I live in DC, which is a great place to live and visit. I try to make the most of it. However, I also love to leave my home and see what the world has to offer. Come and join me!

Sunday, September 16, 2007

Sept. 5 (cont.) Galaxidi, Home of the Squabbling Elderly

The road from Meteora to Delphi/Galaxidi was nice and straight...for a while. Then it became mountainous with lots of ascents, descents, and switchbacks. However, the roads are very well-paved, and some have two lanes going up so that you can pass slow trucks more easily and safely. We got gas at Lamia. Again we couldn't figure out the gas cap. I guess it's full-serve there, because the attendant opened the cap and filled us up. I headed for the restroom and the attendant told me to wait (with gestures). He ran to the office and produced a roll of toilet paper for me, which was nice. It was a gas station bathroom, but better than nothing, right?

We switched seats and I was driving at that point. Many more mountains were driven through, around, and over. We arrived at Galaxidi, a seaside village about a 25 minute drive to Delphi that K's guidebook recommended as a nice base for exploring Delphi. It is a tourist town, but more for Athenians who come to escape the summer heat than international visitors. The approach to Galaxidi is lovely; you come around the mountain and you can see one of the largest olive groves in Greece (Amfissa; the Amfissa olives are prized) spreading out to the sea.

We found the Ganimede Hotel, recommended by both our guidebooks mostly for its jam, on the main street, which was good. Neither guidebook had any kind of useable map of Galaxidi. We asked to see a room but the owner regretfully told us he couldn't do that because he was full up! Seeing our bewilderment he jumped on his motorbike, little daughter on the back, and took off, telling us to follow him. K took over driving at this point and did her best to keep up.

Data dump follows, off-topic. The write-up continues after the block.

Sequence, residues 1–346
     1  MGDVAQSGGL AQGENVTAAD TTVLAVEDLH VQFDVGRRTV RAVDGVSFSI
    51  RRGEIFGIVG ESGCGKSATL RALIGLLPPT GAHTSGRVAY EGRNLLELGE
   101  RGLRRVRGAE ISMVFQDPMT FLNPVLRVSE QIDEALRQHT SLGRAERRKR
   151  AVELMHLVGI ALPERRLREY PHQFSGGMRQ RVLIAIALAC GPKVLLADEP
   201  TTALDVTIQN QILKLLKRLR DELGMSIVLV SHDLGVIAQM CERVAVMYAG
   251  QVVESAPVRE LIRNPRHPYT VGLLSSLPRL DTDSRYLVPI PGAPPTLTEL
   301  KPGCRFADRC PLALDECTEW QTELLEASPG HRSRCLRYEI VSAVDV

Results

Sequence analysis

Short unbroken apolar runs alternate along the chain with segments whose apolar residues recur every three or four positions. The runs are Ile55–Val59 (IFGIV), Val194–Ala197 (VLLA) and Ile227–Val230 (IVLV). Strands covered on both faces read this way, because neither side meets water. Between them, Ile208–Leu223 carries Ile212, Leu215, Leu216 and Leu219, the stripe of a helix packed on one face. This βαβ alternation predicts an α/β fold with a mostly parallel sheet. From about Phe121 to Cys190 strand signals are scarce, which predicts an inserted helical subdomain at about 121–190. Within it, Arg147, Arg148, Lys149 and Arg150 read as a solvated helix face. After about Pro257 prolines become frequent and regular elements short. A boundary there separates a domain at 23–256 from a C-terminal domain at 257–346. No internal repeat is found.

It seemed far but was really only a couple of blocks before he pulled up in front of the Hotel Poseidon (in the pic), spoke to the owner, and left us on our own. The owner has a little parking lot, but reaching it required backing the car uphill, and after our experience earlier in the day K was just not up to this. We talked to the owner, a delightful little old man, who told us the rate would be 45E/night with breakfast and promises us use of his English language book on Delphi.. The rooms were cute so we said we'd take it. I backed up the car and pulled into the lot (a dirt field big enough for two cars) and we checked in.

To get to the hotel, enter the town by the main road (the only way to enter the town, as far as I can tell). At the first big road you get to, turn right. It looks like the road dead ends at a little yellow house, which is the Poseidon. The road actually goes around the hotel to the right, and to leave town you follow that road down to the sea, turn left, and take the one-way seaside road (photo at right) out of town. Quite easy to navigate.

Time was getting on and we were getting hungry, so we wandered around looking for food. We found the Albatross, which had been recommended by K's guidebook. It was empty other than the two elderly proprietors. By law in Greece all restaurants must have a non-smoking section. This narrow restaurant had three booths on each side, with an aisle down the middle. Above the booths of one side was a No Smoking sign. However, when we came in there was a full ashtray in our booth on the non-smoking side. Very amusing.